A recent tweet by Rivian shows that it is making progress on its plans for the Rivian Adventure Network, a set of both slow and rapid chargers that would help the company’s EVs go to a lot more places than the competition. One of the most exciting things is that it has released a map that shows roughly the places it is considering, but it looks like it could do a lot better.
The Rivian Adventure Network is bringing DC fast charging to routes across the US and Canada — like along California’s Hwy 395 — with over 3,500 fast chargers at more than 600 sites by end of 2023. Visit our blog for details on all our charging solutions. https://t.co/nKBAZyeN7k pic.twitter.com/LuoTpgRATb
— Rivian (@Rivian) March 18, 2021
If you click on the link in the tweet, you can see a lot more detail about the network, including the map at the very top of this post.
If you view it on a desktop computer, you can get a much closer look at where they’re looking at building stations, so if there’s an area you’re looking at, be sure to view it on the biggest screen you can.
Much of the network is going to be on interstate highways. If you can’t get a Rivian to the trailhead, there’s really no point in putting in stations at the trailhead. Also, if you’re towing a camper or ATV along, expect to lose a lot of range, so more interstate stations would be useful.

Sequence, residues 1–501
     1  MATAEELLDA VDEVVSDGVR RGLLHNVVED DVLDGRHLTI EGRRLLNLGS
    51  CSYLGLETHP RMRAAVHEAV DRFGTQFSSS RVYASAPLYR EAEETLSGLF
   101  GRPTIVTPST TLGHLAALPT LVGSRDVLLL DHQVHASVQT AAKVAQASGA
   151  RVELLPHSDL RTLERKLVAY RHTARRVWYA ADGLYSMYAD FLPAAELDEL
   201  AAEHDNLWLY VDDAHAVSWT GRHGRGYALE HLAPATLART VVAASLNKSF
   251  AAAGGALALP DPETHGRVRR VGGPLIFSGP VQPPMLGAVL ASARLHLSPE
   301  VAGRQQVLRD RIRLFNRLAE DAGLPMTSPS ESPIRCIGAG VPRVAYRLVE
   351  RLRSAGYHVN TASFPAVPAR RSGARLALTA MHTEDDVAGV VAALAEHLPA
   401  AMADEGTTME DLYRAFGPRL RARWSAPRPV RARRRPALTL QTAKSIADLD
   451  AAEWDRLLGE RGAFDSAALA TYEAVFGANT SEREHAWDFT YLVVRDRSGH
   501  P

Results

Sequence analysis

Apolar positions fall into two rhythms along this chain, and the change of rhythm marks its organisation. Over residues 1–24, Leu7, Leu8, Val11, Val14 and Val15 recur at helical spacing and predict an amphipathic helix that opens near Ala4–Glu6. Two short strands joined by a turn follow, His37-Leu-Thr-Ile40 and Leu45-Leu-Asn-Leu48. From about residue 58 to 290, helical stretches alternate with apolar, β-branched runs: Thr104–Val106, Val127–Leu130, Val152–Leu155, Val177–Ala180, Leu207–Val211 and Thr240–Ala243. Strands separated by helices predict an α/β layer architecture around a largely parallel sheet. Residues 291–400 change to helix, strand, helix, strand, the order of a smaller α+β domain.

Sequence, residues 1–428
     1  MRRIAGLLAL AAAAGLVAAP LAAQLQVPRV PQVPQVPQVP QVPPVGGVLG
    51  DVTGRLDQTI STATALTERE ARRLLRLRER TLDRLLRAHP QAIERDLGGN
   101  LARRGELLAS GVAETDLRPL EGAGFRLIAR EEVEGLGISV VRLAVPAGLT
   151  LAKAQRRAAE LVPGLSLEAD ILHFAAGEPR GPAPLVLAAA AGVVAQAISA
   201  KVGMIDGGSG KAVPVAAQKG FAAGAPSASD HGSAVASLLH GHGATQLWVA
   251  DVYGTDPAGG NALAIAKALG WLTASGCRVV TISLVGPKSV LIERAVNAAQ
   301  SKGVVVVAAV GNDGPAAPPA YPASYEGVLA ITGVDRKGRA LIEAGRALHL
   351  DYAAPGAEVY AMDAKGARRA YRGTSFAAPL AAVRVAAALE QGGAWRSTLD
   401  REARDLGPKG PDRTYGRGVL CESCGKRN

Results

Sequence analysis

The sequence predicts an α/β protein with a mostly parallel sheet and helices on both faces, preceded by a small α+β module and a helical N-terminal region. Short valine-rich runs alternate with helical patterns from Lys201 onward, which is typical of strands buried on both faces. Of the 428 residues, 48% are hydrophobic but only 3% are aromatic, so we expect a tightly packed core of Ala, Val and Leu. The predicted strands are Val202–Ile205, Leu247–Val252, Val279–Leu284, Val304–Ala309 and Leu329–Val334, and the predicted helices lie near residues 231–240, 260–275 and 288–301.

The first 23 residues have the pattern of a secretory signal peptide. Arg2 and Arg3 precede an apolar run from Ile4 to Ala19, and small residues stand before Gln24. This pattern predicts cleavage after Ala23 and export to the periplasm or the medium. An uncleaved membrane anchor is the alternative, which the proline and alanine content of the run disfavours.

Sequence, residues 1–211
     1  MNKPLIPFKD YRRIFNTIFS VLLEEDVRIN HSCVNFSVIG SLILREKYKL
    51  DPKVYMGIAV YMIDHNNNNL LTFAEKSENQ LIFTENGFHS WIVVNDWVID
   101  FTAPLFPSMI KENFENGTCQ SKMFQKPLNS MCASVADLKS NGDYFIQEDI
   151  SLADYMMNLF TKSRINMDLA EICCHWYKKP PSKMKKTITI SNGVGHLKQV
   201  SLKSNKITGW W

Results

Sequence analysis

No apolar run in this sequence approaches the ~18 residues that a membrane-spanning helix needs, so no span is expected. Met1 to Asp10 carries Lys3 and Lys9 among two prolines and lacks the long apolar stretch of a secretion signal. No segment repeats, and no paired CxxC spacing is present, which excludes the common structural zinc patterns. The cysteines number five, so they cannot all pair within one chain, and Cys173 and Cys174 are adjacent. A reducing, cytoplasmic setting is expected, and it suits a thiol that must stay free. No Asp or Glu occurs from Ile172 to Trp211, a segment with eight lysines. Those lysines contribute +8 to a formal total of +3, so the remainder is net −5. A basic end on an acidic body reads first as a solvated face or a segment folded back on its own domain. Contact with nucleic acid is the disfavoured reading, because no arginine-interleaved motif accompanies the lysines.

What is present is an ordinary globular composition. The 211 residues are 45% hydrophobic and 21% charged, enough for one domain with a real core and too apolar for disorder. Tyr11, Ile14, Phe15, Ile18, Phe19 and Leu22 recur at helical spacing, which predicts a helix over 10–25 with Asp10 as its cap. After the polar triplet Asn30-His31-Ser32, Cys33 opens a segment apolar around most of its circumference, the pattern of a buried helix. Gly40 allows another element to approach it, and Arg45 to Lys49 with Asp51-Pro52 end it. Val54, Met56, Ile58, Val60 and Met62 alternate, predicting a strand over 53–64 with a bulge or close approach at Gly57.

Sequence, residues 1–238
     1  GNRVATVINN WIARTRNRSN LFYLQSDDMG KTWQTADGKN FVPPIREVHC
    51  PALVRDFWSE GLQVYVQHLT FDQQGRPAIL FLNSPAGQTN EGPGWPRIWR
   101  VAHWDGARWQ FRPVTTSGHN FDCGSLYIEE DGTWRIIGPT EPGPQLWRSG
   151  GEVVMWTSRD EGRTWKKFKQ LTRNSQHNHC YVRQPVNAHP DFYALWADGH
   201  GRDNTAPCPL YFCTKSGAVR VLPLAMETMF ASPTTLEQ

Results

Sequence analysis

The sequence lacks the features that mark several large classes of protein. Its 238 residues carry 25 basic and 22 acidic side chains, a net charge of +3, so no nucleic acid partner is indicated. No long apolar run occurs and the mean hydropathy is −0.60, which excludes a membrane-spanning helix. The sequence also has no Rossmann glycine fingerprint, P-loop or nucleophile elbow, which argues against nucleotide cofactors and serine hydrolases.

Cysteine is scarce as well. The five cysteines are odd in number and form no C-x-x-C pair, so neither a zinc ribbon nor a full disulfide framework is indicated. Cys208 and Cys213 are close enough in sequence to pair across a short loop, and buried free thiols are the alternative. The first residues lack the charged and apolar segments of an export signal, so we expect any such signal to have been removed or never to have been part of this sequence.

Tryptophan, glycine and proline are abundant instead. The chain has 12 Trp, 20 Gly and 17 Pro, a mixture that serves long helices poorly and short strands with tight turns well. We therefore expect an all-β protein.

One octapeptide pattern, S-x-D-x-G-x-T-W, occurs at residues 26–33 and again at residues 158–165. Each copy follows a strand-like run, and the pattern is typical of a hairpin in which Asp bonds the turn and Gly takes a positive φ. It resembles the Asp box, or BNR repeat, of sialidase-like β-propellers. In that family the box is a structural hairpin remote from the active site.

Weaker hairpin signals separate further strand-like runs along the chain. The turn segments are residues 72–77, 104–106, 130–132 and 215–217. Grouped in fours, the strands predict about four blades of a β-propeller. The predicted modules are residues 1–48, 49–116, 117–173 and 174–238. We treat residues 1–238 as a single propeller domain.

To make a comparison and learn more about what Rivian’s strategy is, I put its map on top of a Plugshare map of Arizona, New Mexico, and parts of surrounding states.
From what I can see, in some places it is opening stations in the same places as Electrify America stations, so it is not really giving its vehicles much of an advantage. In other areas, it is filling in some gaps in the Electrify America network and helping. In a few cases, it is building away from interstates entirely to help its vehicles travel out into the hinterlands.
Good & Bad Things I’m Seeing
Here are a few interesting ones I noticed:
- It is building a station near the Guadalupe Mountains National Park, and that would allow the vehicles to not only go to the Guadalupe Mountains, but also reach Carlsbad Caverns and the nearby Otero Mesa.
- It is building one near Truth or Consequences, New Mexico. That would greatly help, because there are currently no stations along I-25 south of Albuquerque.
- On I-10, it is building stations near Willcox and San Simon, AZ. That helps a lot because there’s a big gap for CCS vehicles along that stretch, and there’s a big hill climb going up Texas Canyon from Benson, AZ to Willcox.
- It has a marker at Holbrook, AZ. That would fill a gap in the infrastructure along I-40, and make it easier to visit the Petrified Forest National Park.
- It appears to be building a station near the South Rim of the Grand Canyon.
Filling in these gaps seems like it would make a big difference in the Southwest, but it seems like the company could do a lot more and make it a real “Adventure Network” if it wasn’t duplicating Electrify America’s station locations so much. For every station that gets doubled up like this, there’s a place that could really use a station that isn’t getting one.
For example, instead of doubling up chargers on I-10 and I-20 in Texas, it could be adding in another charger or two on I-25, and that would make it so its trucks could make it through New Mexico. The Panhandle of Texas could also use some love, as could eastern New Mexico. For what it is spending now, it could be giving its vehicles a lot more room to roam.